So, for all of those readers who ever wondered, “Why couldn’t they just film the book? Why did they have to change it?” Well, you just read the answer to all of those questions above. You are welcome.
That is not to say a person’s novel might not be adapted for the screen, but to make that leap to another medium takes a bit of strength that many writers can find overwhelming and painful.
Filmmakers usually hate working with the original author. Why? Because the “screenplay writer” can’t always disassociate himself/herself from the “author.” It is not easy, especially if you just got done reading reviews of your “epic” or giving readings to loving readers. An author’s ego might, right from the start of the process, have issues with changes. (“But everyone just told me they loved it!”).
To properly make the transition, the story has to be deconstructed, and re-put back together for the other mediums (using as much of the strengths of that medium as possible), and many times for an author that is like someone hurting their child. It takes a cold strength to be able to do it to one’s own creation, and many writers don’t frankly have it. They argue, they debate each change and edit.
(“You want to change my ending?” “You want to cut that important scene? It’s the most importance scene in the book?” “But I love that character! She is what inspired the book in the first place, why are we cutting her?!”)
And since dialogue in film can be very different from reality and novels, you can expect all of your beautiful speeches to disappear like a poof of smoke. An important discussion might be nothing more than a few sentence narration or conversation. Think about your book, and rewriting every line of dialogue. You might have to do just that in a screenplay! (Exhausting idea, isn’t it?)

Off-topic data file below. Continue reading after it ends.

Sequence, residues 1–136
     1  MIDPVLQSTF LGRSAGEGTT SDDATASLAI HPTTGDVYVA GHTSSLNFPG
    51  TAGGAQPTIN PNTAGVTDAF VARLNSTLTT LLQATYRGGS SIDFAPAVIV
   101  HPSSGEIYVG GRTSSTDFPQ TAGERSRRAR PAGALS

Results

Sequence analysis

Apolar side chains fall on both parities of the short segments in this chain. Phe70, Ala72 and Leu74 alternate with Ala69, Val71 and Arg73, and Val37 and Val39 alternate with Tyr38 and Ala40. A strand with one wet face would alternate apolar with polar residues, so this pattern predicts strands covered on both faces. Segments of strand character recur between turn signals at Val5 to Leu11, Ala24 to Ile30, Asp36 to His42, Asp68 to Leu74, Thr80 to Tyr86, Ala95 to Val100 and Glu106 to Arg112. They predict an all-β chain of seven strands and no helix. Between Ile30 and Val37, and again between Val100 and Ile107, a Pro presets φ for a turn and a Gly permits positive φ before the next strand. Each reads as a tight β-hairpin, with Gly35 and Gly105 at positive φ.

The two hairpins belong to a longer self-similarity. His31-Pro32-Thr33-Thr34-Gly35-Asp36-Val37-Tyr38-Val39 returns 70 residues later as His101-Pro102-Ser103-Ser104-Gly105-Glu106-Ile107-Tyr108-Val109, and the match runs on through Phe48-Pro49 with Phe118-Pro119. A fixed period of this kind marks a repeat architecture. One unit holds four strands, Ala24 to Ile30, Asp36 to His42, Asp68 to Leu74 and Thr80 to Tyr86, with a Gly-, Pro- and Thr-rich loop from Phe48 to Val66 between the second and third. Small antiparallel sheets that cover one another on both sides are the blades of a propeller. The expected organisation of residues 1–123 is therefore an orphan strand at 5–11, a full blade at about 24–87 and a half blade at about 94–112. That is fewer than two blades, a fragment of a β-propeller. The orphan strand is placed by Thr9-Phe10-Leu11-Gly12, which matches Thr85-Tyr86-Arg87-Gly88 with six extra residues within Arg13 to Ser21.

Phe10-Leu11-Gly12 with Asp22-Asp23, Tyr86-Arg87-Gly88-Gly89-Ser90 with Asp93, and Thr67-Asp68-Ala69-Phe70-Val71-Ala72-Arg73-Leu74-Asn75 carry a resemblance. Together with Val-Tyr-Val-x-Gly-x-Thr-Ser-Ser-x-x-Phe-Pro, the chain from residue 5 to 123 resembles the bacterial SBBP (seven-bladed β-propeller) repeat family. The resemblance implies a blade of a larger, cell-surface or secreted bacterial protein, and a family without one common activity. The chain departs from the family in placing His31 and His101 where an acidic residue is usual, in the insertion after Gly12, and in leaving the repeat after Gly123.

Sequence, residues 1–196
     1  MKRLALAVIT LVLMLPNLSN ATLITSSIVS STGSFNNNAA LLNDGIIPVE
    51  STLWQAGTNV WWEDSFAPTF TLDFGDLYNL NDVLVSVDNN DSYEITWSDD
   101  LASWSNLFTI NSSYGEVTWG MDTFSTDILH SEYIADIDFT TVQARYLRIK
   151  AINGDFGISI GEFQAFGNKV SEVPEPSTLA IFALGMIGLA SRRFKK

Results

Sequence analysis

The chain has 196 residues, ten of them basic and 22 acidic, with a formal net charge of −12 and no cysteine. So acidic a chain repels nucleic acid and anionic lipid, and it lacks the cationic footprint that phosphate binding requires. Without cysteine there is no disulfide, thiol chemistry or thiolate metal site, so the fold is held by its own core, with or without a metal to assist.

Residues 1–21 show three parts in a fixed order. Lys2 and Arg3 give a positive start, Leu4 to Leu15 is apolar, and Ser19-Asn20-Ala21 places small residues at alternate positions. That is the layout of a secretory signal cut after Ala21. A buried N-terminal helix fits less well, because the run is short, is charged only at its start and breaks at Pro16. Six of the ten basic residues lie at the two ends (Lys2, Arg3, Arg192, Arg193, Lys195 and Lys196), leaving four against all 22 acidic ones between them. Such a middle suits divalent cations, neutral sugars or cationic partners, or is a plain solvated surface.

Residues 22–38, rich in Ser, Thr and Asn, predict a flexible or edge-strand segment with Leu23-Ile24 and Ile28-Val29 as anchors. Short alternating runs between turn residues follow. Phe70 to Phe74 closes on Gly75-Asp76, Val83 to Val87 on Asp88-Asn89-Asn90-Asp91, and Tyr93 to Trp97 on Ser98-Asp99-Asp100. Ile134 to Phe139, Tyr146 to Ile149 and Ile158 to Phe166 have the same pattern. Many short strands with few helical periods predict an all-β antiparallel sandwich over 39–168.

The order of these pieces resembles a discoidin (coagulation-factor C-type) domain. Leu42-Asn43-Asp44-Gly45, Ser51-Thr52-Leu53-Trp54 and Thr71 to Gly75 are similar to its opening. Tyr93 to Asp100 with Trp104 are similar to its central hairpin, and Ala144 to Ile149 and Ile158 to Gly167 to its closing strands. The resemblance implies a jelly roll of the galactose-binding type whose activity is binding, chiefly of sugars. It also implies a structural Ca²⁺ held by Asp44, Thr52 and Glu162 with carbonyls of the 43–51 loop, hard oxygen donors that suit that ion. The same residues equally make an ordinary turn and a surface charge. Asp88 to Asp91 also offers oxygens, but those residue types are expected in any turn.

John Irving is one of the few novelists I can think of in recent history that was able to successfully undertake this “recreation” with one of his books. He actually won an Academy Award for his screenplay The Cider House Rules, and he rightfully deserved it. He took a very long novel that spans decades and created a screenplay that only covered a few years. Characters and plots were abandoned for a more period piece around an orphanage. Personally, I liked the book, but I love the film. Now, there were decades in between him writing the book and the script, so maybe that helped the “pain” of the cuts, but the product is extraordinary. So for a new writer, I recommend reading the novel version; then watching the movie. Could you really do that to your own work? Do you have that strength?
The great irony of all of this is that an author really has a better chance of making money off his story via the novel than the sold screenplay. When you hear those weekend box office numbers on Monday morning, the screenplay writer is not typically doing a happy dance someplace. They got their check months and (possibly) years before when they sold the rights or handed in that final draft. Yet, if your book is selling well in bookstores, an author can see a return each quarter.
Whatever the case, a writer should embrace the medium that they are telling their story in, and make the best story they can. And, to be honest, if you have an easier time seeing your story as a movie than a novel… why not save yourself (and your story and characters and dialogue) the trouble of a surgery and just write it as a screenplay first instead?
If you liked reading my article, why not check out some of my books? I had two novels published in the last few years, My Problem With Doors and Megan. You can find them via my amazon.com author page here. Thanks for reading!